Olivia Rodrigo recently turned heads and skyrocketed on airwaves with her eerie debut single, “deja vu.” The popular song, which has been compared to Billie Eilish and received the stamp of approval from Taylor Swift, romanticizes something as simple as getting your driver’s license to young love and heartbreak. Already a household name due to her work on Disney’s High School Musical: The Musical, Rodrigo emerged as an undoubtable mainstay during the pandemic.
FigureItOut morphed into a song-creating machine over the last year. “Endless Nights” rivaled any pop-punk track released in 2020. It highlighted FigureItOut’s loaded debut album, Searching For More, which also dropped in 2020. Additionally, the artist released an outstanding cover of the Killers’ “Mr. Brightside.” Dare we say, his cover of “Closer” and “Without Me” might be better than the originals?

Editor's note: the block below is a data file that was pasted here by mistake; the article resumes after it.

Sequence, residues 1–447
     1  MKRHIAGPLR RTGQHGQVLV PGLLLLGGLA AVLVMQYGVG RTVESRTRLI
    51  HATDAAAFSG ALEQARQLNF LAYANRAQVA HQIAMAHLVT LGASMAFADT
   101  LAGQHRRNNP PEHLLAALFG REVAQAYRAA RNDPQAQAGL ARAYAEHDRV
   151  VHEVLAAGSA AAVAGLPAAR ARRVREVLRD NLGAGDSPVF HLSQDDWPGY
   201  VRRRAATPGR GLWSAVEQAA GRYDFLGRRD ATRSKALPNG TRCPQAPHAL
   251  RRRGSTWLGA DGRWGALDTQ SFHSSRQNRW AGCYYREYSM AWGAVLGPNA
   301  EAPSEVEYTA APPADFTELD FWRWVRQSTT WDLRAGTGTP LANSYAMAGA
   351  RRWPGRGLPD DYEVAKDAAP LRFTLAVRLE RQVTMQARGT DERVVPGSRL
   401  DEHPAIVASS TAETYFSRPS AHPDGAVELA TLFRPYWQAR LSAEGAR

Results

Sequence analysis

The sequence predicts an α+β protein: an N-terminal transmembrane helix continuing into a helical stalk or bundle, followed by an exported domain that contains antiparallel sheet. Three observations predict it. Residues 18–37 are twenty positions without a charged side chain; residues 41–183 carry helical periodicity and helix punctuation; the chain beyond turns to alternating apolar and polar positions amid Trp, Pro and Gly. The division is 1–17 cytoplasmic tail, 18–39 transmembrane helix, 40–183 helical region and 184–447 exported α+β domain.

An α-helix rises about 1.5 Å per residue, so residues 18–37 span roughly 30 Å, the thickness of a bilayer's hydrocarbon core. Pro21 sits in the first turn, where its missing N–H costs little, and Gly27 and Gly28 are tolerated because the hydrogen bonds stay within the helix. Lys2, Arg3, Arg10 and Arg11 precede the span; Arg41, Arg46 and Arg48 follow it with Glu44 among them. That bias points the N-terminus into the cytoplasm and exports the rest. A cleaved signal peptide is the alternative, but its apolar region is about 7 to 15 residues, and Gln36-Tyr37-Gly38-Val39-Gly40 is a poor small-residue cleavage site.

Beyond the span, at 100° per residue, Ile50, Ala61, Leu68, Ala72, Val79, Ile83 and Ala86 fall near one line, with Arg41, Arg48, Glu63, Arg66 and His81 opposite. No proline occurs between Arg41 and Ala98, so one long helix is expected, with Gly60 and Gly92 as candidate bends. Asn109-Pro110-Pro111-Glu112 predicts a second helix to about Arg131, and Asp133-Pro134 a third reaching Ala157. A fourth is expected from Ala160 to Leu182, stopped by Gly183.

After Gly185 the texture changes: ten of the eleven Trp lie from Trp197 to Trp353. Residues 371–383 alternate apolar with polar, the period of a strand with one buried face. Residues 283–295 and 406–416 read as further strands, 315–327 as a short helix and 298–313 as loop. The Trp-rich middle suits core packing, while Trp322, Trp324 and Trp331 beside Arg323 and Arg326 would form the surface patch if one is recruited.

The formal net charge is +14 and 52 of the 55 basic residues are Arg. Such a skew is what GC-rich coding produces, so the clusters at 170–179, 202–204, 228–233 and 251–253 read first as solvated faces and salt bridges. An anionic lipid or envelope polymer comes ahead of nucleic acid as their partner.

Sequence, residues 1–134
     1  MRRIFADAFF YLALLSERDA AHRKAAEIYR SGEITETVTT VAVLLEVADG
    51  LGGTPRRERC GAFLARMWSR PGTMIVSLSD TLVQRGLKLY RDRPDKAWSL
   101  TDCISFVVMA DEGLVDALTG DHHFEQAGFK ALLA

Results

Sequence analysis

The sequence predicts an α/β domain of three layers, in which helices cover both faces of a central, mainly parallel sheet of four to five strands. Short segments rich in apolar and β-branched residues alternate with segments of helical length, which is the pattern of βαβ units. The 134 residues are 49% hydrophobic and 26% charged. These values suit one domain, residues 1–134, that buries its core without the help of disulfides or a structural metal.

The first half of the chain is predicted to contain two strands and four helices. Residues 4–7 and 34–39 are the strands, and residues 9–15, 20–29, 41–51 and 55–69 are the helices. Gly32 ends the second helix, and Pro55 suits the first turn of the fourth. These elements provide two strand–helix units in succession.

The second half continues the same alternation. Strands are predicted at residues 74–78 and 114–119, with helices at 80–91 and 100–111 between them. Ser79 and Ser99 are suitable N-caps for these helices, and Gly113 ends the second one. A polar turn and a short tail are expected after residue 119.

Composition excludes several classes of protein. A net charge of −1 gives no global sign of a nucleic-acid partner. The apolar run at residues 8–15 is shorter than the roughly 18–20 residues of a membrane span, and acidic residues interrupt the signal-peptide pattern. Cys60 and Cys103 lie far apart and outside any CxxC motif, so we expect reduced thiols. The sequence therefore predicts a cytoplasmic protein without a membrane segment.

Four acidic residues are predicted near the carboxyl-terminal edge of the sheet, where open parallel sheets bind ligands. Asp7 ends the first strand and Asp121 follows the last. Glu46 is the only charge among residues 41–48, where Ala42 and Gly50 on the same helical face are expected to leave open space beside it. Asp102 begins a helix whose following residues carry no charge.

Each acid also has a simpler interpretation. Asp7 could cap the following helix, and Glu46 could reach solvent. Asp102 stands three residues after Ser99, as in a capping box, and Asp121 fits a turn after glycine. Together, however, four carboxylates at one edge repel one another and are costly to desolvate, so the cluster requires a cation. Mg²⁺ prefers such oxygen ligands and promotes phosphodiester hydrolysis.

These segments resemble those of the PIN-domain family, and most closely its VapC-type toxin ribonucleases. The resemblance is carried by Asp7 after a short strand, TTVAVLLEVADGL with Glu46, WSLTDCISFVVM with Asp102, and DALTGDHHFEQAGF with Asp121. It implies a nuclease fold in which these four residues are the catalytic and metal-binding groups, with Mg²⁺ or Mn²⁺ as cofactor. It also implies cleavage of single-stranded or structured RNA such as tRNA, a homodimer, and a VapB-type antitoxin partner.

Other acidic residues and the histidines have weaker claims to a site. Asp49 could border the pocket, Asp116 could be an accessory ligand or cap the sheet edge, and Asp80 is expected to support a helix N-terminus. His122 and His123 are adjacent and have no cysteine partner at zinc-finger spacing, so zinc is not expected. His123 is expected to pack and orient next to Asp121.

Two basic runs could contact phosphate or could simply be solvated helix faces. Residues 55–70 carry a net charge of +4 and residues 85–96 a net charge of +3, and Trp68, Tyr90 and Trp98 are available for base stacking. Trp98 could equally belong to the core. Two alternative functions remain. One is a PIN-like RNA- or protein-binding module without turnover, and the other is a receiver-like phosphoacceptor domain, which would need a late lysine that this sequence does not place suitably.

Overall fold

KennyHoopla may have been alternative music’s fastest rising artist over the last year. Early on, he earned attention through the Travis Barker collab “ESTELLA//,” which continues to earn radio spins. But his collaboration with grandson, “lost cause//” hit, and how will i rest in peace if I’m buried by a highway?// is one of the more innovative EPs in recent memory. The Cleveland native is set to head out on tour with fellow hometown musician Machine Gun Kelly at the end of 2021.
Meet Me @ The Altar
Meet Me @ The Altar no longer need an introduction, at least among pop-punk fans. Near the pandemic’s onset, the trio were tweeting Hayley Williams. Now, they might be the most exciting group to happen to pop punk since Paramore. Explosive tracks such as “Garden” and “Hit Like A Girl” came naturally to the trio. Yet, it feels like the band have always been confident about their sound. Apparently, it took a pandemic for the music world to finally pay attention. And trust us, they have our attention.
Ayoni’s “Unmoved (A Black Woman Truth)” did more than capture the emotional essence of the Black Lives Matter movement in 2020. Ayoni’s stop-you-in-your-tracks voice acted as a welcome mat for allies to enter the fray. “Please make me feel you care my ally/But are you prepared to/To lose your sleep/To bare your teeth/To break like me,” the song goes. That song, like so many of Ayoni’s others, would cut to the core even if sung by an average vocalist. Ayoni entered the pandemic as an outrageously talented artist and will leave as a spark plug for change.